A signature-gathering effort is underway so that Santa Ana residents have an opportunity to understand — and weigh in on — a pair of rent control and “just cause” for eviction ordinances hastily approved by the City Council this week.

“The California Apartment Association and a coalition of business groups, local housing providers and residents, believe the City Council rushed to impose these laws without any meaningful outreach to the community, analysis, or understanding of their impacts on the city’s finances or housing stock,” said Victor Cao, CAA’s senior vice president of local public affairs.

The city developed its proposals in secret meetings and with zero stakeholder outreach. The City Council also had to redo its initial vote on the measures because of alleged violations of the Brown Act, California’s primary open meetings law.

“These laws must be put on hold so the public can fully understand the ordinances adopted by the council, and the people of Santa Ana should decide if this is the housing policy they want for the city,” Cao said.

Petitioners seeking to referend the rent control and just cause ordinances need to collect 12,500 signatures from registered voters – and do so within 30 days of the ordinances being ratified, which happened Tuesday, Oct. 20.

If the referendum qualifies, the Santa Ana City Council will have two choices: Rescind the ordinances or put them on the ballot.

“The referendum will allow Santa Ana voters to have a community conversation and decide whether they want a multi-million-dollar bureaucracy to regulate the housing market forced on the city by four council members,” Cao said.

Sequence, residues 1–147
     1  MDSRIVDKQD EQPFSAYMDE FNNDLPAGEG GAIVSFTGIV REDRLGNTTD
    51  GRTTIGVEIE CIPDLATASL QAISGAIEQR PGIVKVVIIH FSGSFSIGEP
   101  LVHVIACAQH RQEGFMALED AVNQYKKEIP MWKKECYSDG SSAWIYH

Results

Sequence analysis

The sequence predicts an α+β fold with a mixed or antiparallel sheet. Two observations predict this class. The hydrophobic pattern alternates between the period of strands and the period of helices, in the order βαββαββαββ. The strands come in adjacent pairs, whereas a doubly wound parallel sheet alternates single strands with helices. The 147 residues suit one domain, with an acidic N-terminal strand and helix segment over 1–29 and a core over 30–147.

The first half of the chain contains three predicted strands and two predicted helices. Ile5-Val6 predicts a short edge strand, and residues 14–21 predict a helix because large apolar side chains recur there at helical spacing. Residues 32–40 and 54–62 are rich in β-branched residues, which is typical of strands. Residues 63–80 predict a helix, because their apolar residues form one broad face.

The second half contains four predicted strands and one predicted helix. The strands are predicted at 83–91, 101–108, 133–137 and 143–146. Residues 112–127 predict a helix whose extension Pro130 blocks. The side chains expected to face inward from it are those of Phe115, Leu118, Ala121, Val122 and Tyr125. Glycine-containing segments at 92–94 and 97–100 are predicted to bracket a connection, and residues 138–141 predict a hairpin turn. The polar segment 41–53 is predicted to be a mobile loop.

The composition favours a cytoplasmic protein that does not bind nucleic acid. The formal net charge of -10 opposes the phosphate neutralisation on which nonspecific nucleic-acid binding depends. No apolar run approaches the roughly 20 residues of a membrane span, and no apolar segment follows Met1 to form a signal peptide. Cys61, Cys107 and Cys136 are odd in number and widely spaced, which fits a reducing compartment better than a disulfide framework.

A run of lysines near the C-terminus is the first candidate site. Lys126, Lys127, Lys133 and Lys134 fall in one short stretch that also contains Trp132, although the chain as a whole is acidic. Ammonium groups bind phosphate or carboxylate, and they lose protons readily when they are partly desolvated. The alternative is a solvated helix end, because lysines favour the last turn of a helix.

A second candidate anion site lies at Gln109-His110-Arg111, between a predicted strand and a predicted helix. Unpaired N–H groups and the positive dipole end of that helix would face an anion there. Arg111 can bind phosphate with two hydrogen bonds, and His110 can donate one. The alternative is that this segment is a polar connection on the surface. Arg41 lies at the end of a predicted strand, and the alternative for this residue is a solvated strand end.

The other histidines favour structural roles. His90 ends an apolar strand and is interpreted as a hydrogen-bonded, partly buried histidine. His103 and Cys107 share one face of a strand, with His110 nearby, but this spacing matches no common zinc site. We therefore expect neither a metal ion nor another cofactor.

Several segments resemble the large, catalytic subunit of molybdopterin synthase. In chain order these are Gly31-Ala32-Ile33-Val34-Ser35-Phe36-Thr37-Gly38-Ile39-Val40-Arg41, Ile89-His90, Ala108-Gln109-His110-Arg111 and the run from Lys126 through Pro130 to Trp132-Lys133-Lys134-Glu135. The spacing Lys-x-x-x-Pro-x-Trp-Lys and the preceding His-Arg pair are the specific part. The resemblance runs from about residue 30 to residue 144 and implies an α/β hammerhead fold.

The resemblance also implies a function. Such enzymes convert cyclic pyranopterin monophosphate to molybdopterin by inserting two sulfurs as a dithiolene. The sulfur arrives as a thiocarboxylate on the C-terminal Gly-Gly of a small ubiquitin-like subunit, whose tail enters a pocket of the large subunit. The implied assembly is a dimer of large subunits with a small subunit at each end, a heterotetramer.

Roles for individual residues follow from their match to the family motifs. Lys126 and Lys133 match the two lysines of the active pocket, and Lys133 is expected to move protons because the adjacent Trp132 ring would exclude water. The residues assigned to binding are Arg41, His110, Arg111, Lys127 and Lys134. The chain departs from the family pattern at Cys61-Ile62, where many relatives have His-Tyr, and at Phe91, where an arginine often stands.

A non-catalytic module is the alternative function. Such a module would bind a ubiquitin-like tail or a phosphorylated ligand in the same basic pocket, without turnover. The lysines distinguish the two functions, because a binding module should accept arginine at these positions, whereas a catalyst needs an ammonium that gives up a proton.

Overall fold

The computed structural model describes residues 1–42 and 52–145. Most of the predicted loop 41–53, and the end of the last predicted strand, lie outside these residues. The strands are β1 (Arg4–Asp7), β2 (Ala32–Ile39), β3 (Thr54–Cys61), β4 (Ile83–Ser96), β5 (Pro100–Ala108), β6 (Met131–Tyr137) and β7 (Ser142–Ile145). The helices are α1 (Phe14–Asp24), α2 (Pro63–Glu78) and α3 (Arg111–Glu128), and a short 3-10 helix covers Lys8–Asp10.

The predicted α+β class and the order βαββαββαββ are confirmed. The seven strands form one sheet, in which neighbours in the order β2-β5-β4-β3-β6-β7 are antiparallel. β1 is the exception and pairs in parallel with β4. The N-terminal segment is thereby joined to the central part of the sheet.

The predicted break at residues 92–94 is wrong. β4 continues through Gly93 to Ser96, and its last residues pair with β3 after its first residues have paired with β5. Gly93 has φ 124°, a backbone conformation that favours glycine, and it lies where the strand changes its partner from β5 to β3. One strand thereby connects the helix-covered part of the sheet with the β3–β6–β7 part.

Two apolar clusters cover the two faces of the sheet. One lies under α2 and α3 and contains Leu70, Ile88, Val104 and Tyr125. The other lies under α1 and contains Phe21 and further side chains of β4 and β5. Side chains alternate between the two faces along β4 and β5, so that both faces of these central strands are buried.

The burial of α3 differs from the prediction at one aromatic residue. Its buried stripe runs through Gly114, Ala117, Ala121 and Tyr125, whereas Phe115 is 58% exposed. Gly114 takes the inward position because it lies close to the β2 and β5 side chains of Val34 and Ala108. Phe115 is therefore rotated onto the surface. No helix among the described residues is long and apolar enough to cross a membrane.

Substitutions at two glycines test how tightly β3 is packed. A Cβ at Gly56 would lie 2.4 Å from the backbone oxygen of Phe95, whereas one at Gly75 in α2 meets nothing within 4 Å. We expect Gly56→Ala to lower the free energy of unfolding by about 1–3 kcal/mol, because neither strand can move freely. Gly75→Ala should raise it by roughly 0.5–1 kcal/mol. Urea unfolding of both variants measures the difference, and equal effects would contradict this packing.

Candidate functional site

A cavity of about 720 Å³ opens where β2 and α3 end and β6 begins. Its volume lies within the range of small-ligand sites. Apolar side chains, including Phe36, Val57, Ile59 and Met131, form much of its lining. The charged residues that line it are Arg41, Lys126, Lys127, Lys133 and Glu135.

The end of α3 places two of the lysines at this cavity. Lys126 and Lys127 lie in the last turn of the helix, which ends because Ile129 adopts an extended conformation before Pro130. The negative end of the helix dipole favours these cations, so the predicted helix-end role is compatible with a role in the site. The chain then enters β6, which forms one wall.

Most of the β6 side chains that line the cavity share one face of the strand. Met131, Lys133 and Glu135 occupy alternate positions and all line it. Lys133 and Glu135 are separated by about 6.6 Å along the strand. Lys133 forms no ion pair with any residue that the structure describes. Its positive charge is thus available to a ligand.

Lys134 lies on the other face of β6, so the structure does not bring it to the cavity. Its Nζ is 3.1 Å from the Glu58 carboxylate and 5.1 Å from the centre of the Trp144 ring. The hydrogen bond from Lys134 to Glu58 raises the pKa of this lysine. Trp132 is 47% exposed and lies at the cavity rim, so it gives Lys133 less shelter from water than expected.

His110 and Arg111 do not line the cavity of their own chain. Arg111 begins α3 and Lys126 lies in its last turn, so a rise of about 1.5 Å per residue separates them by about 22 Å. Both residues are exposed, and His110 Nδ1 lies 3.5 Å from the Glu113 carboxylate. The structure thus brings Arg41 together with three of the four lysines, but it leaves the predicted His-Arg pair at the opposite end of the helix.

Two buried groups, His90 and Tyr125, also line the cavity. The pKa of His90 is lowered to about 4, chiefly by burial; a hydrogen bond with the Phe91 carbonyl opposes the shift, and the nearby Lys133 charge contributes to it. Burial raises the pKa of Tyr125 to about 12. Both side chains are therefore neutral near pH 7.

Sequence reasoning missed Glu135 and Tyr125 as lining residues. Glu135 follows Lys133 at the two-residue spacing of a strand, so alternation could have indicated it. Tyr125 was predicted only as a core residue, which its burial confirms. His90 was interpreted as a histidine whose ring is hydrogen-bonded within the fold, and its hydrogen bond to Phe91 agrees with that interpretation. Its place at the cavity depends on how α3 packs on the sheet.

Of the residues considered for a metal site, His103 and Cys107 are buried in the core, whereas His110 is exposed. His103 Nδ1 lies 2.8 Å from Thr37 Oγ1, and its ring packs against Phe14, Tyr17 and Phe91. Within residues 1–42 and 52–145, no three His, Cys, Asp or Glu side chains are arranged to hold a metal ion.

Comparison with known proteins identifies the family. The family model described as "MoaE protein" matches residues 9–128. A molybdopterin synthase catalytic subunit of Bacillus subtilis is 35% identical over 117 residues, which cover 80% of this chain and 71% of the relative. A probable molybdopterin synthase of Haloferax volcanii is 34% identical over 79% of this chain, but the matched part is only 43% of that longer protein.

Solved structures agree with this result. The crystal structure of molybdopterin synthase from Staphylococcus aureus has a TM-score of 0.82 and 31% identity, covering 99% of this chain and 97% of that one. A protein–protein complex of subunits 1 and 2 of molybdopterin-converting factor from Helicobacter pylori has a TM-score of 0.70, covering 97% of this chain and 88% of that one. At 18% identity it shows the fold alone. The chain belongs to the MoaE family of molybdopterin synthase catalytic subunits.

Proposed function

Santa Ana’s rent control proposal is stricter than those in Los Angeles, San Francisco, Santa Monica, and even Berkeley.

Some of the troublesome provisions in the rent control and just-cause proposals:

  • Rent increases capped at 80% of local inflation rate (CPI) or 3%, whichever is less
  • A limited and strict petition process for owners to get a higher rent increase.
  • Just cause eviction requirements starting on the 31st day of tenancy.
  • Prohibiting evictions of households with students during the school year.
  • Requiring the district attorney to prosecute an individual in order to evict for criminal activity.
  • Mandating higher relocation assistance payments to households beyond what’s in state law.
  • Undetermined and unlimited fees on landlords to fund the program development, implementation, and enforcement. Most cities with this type of program charge landlords over $100/unit.